A: Yes, you are recommended to remove or detach the battery.

Q: How many cycles can I expect from my battery?

A: Normally, Gens Ace & Tattu Li-Po batteries are good for about 200 cycles at full capacity. After that, the capacity will be reduced until about 400 cycles. Of course, this depends on how the battery was treated during its life. If you discharge it at full capacity or never balance the pack, your battery will usually only last 30-50 cycles. Always measure your amp draw and choose a battery that is rated for discharge at least 25% more than your recorded discharge amps. (If you are pulling 20 amps - you should use a 25 amp continuous battery)

Q: My battery gets warm during discharge. Is this normal?

A: As your battery discharges, it will generate heat. The amount of heat will vary depending on your amp draw. A 75 amp continuous draw battery that is used in an aircraft drawing only 35 amps will stay relatively cool. That same battery discharged at 70 amps will usually heat to about 135 degrees. For long term life, it is best not to let your battery get to over 120 degrees. The amount of airflow also affect the battery temperature. The more airflow you have over the battery, the better it will perform.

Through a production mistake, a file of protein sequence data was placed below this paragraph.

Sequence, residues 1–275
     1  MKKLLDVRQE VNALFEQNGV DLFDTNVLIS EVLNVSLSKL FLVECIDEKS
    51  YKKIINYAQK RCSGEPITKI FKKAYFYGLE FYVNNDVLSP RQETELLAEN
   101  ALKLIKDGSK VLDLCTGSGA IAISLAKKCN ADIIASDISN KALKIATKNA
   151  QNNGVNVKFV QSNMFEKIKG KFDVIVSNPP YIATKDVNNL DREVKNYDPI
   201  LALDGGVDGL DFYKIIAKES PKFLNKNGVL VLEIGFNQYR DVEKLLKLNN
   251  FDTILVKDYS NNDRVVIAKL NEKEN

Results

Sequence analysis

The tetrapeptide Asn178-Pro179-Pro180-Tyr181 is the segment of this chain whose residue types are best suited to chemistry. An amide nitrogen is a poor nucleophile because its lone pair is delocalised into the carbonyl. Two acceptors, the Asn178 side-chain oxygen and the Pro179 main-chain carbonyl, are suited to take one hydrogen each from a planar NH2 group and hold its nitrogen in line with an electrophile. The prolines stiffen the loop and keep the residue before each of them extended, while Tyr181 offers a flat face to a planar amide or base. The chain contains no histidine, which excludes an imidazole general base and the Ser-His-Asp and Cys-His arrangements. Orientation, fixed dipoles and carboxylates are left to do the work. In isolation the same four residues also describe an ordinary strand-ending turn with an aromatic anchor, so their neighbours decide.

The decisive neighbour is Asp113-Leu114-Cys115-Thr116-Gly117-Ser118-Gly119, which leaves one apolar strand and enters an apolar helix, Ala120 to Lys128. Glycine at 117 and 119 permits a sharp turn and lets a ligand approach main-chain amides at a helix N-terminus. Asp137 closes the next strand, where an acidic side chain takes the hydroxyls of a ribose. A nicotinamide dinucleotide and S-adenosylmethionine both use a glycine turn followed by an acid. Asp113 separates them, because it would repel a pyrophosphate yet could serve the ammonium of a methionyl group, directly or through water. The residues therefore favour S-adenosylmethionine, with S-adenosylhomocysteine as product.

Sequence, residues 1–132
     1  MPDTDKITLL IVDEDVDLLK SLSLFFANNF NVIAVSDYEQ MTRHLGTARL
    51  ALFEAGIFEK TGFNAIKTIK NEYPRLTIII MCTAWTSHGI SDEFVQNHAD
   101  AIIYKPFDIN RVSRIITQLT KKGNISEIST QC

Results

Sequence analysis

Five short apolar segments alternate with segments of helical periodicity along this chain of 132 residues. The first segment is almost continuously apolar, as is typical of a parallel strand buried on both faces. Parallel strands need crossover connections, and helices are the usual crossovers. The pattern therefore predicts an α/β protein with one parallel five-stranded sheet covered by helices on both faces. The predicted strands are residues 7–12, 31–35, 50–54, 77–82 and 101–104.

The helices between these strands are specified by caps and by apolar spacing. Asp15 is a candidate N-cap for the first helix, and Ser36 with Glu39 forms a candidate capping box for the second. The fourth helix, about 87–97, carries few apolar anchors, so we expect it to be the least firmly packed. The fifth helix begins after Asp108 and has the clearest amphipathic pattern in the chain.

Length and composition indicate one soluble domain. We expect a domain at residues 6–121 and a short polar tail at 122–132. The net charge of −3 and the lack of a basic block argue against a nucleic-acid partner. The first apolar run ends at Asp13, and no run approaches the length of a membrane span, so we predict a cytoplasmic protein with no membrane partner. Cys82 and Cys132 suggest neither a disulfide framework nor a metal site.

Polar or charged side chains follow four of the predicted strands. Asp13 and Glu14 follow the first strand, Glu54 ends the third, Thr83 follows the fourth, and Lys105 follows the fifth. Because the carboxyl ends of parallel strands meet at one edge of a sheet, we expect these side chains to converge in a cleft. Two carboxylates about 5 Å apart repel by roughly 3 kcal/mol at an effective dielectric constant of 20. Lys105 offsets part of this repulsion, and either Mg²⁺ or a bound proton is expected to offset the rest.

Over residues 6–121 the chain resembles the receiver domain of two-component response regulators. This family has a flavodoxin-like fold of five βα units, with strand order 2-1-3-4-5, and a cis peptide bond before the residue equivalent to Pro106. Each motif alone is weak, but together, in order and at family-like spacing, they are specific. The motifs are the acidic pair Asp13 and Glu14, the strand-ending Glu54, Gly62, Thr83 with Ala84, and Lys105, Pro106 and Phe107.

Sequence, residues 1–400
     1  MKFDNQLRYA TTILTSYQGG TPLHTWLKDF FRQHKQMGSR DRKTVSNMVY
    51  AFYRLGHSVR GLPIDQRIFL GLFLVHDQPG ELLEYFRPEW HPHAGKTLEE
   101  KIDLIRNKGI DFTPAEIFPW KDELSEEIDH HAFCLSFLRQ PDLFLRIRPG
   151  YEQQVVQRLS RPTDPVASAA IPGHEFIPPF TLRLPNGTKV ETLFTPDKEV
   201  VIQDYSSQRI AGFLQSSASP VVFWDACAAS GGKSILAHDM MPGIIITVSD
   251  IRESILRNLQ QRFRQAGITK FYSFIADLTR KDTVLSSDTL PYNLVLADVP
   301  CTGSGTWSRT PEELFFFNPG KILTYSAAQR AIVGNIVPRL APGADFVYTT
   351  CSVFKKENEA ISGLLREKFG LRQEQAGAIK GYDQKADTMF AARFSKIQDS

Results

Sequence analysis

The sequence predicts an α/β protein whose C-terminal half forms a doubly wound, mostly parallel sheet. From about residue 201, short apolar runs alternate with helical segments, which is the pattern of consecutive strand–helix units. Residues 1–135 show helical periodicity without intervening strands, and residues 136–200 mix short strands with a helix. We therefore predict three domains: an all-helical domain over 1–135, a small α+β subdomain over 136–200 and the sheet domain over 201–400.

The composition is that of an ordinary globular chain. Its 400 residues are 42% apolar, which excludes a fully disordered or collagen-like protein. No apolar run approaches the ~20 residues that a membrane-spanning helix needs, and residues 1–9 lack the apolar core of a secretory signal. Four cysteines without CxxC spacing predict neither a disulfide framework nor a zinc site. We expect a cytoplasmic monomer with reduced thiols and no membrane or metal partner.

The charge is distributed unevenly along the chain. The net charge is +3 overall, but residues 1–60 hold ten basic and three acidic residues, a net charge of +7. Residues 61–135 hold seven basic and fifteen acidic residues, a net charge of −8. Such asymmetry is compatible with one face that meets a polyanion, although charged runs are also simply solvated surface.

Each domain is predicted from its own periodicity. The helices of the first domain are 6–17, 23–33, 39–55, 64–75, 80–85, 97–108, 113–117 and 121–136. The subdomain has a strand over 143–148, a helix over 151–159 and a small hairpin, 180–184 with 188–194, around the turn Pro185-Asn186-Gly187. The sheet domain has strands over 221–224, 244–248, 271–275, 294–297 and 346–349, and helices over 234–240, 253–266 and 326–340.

Q: Can I use two batteries in my plane?
A:You can use two batteries hooked to a single receiver with no problem as long as both batteries are the same voltage. First you will plug one into your battery slot either alone or into a Y-harness with a servo. The second battery can also be "Y-ed" with a servo into any other servo slot that you like. Both batteries will supply power in unison with each other unless you have a dual battery switch, which stops the second battery from operating until the first pack has reached a certain voltage.

Q: Can I use Li-ion polymer batteries mixing with other battery types?

If different types of batteries are used together, or new batteries are used with old ones, the difference in characteristics of voltage, capacity, etc., may cause over-discharge of the battery which is exhausted first, leading to swelling, bursting or fire.

At last, we hope these answers can really help you. If you have any more questions about these batteries feel free to contact us at